If you’re not getting the results you expected from your advertising, perhaps you should consider humanizing your brand. Emotions are what drive your target audience to purchase. In fact, findings from a 2015 Nielsen Consumer Neuroscience study of 100 ads across 25 brands in the consumer goods market revealed that ads with the best emotional response generated a 23% lift in sales, meaning that emotional marketing is not merely effective as an engagement vehicle but also as a true business driver. Many behavioral scientists believe that the primary decision drivers are mainly emotional. And as we age, emotions drive us even more in our purchase decisions.

Those that succeed in humanizing their brands include Ikea, who’s current ad for college furniture and dorm room gear features a crying mom next to her selfie-taking daughter with the headline: “An empty nest shouldn’t empty your wallet.” Or the current Farmer’s Insurance campaign, “We know a thing or two because we’ve seen a thing or two,” featuring unique human experiences that were covered by Farmer’s. Or an ad from the “Away” campaign for Go RVing that shows a bulldog resting comfortably with family inside an RV with the headline: “Away is where you never have to leave anyone behind.”

  1. You didn’t have buy-in from the top.

Steve Jobs met every other week for in-depth sessions with Lee Clow, the creative leader of his advertising agency. The reason is simple. The vision for the brand and advertising comes from the top. No ifs, ands or buts.

Yes, there are CMO’s and Marketing Directors who can articulate the owner’s or CEO’s vision. Or get close to it. But many campaigns fail because the top dog didn’t have his/her skin in the game. That kind of clarity of vision can’t be interpreted by others or assumed. To win, the vision must be owned and driven from the top and both client and ad agency must share the inspiration, welcome real discussions, disagree and agree, and above all, put the good of the work first.

STUART DORNFIELD is an award-winning freelance Creative Director/Copywriter with more than 40 years experience in marketing, strategy, advertising and production. As the former Sr. VP-Creative Director of Zimmerman Advertising (Omnicom), the 13th largest agency in the U.S., and the former co-founder of Gold Coast Advertising, 3rd largest agency in South Florida, today Stuart offers his creative services and marketing insights as a freelancer with offices in New York and Miami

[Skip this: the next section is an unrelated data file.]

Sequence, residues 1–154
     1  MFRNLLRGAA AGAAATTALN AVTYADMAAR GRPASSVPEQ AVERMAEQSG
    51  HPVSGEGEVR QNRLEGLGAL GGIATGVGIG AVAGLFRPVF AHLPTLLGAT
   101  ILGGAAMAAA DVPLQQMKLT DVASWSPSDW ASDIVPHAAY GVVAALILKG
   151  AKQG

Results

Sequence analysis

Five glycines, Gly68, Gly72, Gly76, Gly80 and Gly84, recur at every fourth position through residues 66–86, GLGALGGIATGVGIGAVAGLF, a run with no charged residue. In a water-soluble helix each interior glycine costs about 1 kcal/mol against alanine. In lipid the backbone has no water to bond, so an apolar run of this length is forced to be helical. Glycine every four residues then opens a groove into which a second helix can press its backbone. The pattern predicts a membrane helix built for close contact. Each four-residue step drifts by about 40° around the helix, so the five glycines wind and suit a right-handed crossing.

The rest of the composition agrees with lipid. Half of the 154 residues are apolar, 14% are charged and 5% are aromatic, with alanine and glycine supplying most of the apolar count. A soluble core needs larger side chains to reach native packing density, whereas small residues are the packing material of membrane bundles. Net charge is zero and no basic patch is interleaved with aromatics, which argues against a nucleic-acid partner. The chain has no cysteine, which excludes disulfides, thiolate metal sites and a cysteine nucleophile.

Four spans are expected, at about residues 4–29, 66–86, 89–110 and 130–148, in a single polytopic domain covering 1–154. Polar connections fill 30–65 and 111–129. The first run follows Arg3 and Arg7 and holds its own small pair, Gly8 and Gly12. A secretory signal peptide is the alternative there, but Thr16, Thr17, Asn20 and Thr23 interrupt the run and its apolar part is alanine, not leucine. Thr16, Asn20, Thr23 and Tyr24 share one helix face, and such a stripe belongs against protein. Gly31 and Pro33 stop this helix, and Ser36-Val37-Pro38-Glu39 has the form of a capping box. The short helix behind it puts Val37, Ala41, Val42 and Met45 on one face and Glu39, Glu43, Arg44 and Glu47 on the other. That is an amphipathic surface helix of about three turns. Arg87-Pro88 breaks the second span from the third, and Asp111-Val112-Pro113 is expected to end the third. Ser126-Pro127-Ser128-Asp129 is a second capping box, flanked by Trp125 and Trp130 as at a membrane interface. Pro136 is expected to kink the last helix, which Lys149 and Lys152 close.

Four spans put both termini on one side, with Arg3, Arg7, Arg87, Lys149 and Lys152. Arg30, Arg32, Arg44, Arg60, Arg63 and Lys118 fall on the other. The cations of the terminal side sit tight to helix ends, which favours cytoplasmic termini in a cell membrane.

Having created my share of TV spots using hit songs including Bachman-Turner Overdrive’s “Taking Care of Business” for Office Depot, Bob Marley’s “Three Little Birds” (AKA “Everything’s gonna be all right”) for Sandals Resorts, James Brown’s “I Feel Good” for Mattress Firm, Pure Prairie League’s “Let me love you tonight” for Field of Flowers, Chubby Checker’s “Twist” for Mayors Jewelers , and ZZ Top’s “Sharp Dressed Man” for S&K Mens Stores, I’ve learned a few things along the way that I’d like to share about the right and wrong way to use songs in TV spots and videos, many of which you’ll be seeing during the Super Bowl.

The four main tenets. Target audience. Message. Feeling. Execution.

There are four main tenets for effectively using songs in TV spots. Firstly, the song must appeal to the target audience you’re intending to reach. It makes no sense to use Frank Sinatra’s “My Way” for the launch of a new Xbox game. Secondly, the song must be true to the product’s messaging and brand promise. Using a Bob Marley song for resorts in the Caribbean makes more sense than using it for the Peninsula Hotel in Hong Kong. Thirdly, the song must convey an impactful and positive emotion connection to the brand and the creative concept. And lastly, the song must be executed in a way that doesn’t detract from the creative or messaging, but adds volumes to it.

Doing it the right way.

A great example of a song well-selected and well-executed is the new 2017 Super Bowl spot for Mercedes-Benz featuring their AMG GT Roadster. Of course, it doesn’t hurt that the agency enlisted the services of The Coen Brothers to direct it and the legendary Peter Fonda to star in it. The concept? As a group of bikers at a roadside bar are playing pool and drinking, “Born to be Wild” from Steppenwolf is playing on the jukebox, another member of the biker gang walks into the place to inform everyone that their motorcycles have been blocked in. Music stops and we then see Peter Fonda crazy enough to park his gorgeous Mercedes AMG convertible in front of their choppers. As Fonda gets back in his car and heads down the road in his convertible and the song kicks in again, the positive emotion is down right infectious. It all works together seamlessly. Great song choice and smart strategy appealing to the uber-successful guy with plenty of money in the bank and the ego to want to feel like Easy Rider in his convertible GT Roadster. Who wouldn’t? And when you’re an advertiser like Mercedes with deep pockets and a great agency to create a spot with the best directors, great talent, great cinematographers, a great script, and great song, it makes me smile from ear to ear! I give it an A+.